In Thursday’s Washington Post, culture critic Philip Kennicott had this to say about the "Obama as the Joker" poster that’s been popping up everywhere:
. . . The poster is ultimately a racially charged image. By using the "urban" makeup of the Heath Ledger Joker, instead of the urbane makeup of the Jack Nicholson character, the poster connects Obama to something many of his detractors fear but can’t openly discuss. He is black and he is identified with the inner city, a source of political instability in the 1960s and ’70s, and a lingering bogeyman in political consciousness despite falling crime rates.
Are you kidding me?
I realize that many critics like to analyze things to death. I’ve done it myself. But to twist the latest in a long line of politician-as-familiar-pop-culture-character depictions into an emblem of "racial fear," as the headline calls it, requires a level of overanalysis that borders on paranoia.
As it happens, I agree with Kennicott that the poster isn’t very effective. The word Socialism doesn’t fit all that well with a guy who just liked to go around blowing stuff up. But that doesn’t mean we need to go burrowing for some sort of super-secret hidden connection that throws the worst possible light not only on the anonymous artist, but on Obama opponents in general.
Kennicott only dug himself a deeper hole in a subsequent online chat, in which he affected a bland incomprehension of why so many people were bothered by his analysis.
Arlington, VA: Philip, I read your column and I have to say, take it easy. Maybe you need a little time off. It’s a poster, Philip, nothing more. Not that long ago we had a poster appear associated with Bush 43 showing an image of him with white powder under his nose and on his lip with the caption "Got Coke?" Whether anybody liked it or not, the republic somehow survived. This is not a big deal unless the media makes it one. It will pass. Take it easy.
Philip Kennicott: I agree I should take it easier, and I’m passing on this suggestion to my editors. I think you’re right about the general sturdiness of the republic in the face of withering political caricature. We have a long history of it, back to images of Andrew Jackson as emperor, and beyond. I tried to analyze the poster, and draw out some of the racial imagery, without declaring it a major blow to the body politic.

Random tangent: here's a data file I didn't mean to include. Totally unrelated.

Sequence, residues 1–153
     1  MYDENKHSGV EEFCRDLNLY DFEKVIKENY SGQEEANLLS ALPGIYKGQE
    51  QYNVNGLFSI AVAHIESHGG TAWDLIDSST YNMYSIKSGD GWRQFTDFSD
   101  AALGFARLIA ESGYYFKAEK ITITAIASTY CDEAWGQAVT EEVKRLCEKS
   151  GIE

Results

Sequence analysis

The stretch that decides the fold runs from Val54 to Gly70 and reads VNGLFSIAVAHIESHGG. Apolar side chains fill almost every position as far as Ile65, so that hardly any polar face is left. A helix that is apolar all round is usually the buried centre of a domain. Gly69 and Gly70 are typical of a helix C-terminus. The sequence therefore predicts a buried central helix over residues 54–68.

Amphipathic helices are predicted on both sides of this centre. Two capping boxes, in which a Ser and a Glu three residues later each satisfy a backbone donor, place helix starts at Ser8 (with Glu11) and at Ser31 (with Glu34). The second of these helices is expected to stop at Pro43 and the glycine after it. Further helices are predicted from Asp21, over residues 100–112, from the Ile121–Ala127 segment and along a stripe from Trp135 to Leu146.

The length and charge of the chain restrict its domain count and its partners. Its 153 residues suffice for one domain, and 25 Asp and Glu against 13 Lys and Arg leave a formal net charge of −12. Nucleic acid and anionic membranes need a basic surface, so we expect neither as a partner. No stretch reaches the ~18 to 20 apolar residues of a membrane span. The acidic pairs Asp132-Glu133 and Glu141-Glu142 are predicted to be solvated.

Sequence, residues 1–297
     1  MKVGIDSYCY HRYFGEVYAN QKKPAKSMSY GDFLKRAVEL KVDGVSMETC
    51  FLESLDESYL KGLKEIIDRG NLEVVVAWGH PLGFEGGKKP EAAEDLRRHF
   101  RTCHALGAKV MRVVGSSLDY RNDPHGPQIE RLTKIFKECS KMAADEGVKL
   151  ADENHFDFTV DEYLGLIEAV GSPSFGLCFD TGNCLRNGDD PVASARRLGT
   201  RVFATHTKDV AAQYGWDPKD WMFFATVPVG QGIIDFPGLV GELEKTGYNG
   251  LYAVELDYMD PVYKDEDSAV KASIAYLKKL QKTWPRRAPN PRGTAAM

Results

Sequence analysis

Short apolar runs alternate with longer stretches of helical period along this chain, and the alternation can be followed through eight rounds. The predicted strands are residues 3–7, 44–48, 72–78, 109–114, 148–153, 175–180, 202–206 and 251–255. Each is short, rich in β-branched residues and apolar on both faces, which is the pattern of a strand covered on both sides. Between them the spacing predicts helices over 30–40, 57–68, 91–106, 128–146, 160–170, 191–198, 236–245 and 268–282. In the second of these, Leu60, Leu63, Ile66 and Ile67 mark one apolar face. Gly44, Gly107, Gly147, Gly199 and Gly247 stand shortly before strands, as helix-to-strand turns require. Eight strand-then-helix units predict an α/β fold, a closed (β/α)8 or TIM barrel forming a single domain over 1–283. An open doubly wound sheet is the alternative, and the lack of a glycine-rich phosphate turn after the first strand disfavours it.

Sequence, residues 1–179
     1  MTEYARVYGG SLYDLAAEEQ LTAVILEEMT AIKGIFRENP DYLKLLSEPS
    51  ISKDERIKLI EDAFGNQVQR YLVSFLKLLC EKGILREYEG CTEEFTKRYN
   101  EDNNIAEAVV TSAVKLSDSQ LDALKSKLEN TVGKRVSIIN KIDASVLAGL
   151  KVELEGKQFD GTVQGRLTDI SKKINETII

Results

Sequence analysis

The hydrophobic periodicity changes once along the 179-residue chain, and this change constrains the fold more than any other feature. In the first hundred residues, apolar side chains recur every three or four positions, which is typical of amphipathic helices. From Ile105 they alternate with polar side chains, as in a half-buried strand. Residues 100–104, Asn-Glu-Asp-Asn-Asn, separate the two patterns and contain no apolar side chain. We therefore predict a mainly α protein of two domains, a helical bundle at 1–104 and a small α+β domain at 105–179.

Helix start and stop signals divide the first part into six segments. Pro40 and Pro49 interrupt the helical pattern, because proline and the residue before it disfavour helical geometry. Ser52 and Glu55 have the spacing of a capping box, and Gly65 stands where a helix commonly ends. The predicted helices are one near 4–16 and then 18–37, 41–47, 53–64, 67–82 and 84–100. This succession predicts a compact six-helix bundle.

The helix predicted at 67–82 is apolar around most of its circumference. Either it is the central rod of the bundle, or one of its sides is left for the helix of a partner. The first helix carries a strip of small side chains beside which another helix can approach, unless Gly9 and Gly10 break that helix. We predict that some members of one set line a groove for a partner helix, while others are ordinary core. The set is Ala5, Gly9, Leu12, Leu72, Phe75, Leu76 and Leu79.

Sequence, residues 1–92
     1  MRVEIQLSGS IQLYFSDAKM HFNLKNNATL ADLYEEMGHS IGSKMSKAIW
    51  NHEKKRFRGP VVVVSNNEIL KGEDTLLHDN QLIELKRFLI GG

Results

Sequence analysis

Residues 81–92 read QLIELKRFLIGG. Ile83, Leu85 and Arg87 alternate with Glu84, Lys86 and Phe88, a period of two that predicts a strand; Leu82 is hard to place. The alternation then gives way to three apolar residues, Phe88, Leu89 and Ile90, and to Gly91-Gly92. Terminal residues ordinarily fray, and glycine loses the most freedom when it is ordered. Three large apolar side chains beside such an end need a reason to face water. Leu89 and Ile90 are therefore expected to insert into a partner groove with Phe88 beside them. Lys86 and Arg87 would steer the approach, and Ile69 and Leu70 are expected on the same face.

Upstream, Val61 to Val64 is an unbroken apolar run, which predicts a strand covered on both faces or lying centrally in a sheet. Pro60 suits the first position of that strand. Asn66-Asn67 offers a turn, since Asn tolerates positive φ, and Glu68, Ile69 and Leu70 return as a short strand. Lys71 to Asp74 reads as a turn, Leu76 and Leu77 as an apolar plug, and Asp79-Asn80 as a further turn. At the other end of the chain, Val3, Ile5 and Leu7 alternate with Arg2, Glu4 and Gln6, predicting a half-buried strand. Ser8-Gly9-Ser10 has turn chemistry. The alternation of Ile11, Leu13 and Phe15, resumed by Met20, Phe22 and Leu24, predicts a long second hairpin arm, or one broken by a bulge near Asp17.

For a guy who likes to observe cultural artifacts under an electron microscope, Kennicott displayed an astonishing ability in this conversation to take things strictly at face value.
What’s really going on here, I suspect, is the same thing we saw going on when Nancy Pelosi tried to paint health-plan protesters as neo-Nazis, or when the media spread rumors of Palin rallies turning into breeding grounds for racial violence. It’s the same tired old academic cliché that holds that any opposition to liberals on ideological grounds must secretly be masking a fear of "The Other." The masses hate anyone whom they think is different from them in any way, the theory goes, and anything that conservatives say about political differences is just hiding that fundamental hatred. Thus Kennicott tells us, "The charge of socialism is secondary to the basic message that Obama can’t be trusted, not because he is a politician, but because he’s black."
The irony that people like Pelosi and Kennicott can’t or won’t see is that with their shallow, knee-jerk responses, they’re doing exactly what they accuse us conservatives of doing: creating a fear of The Other. Only this time, The Other is us.
— Gina Dalfonzo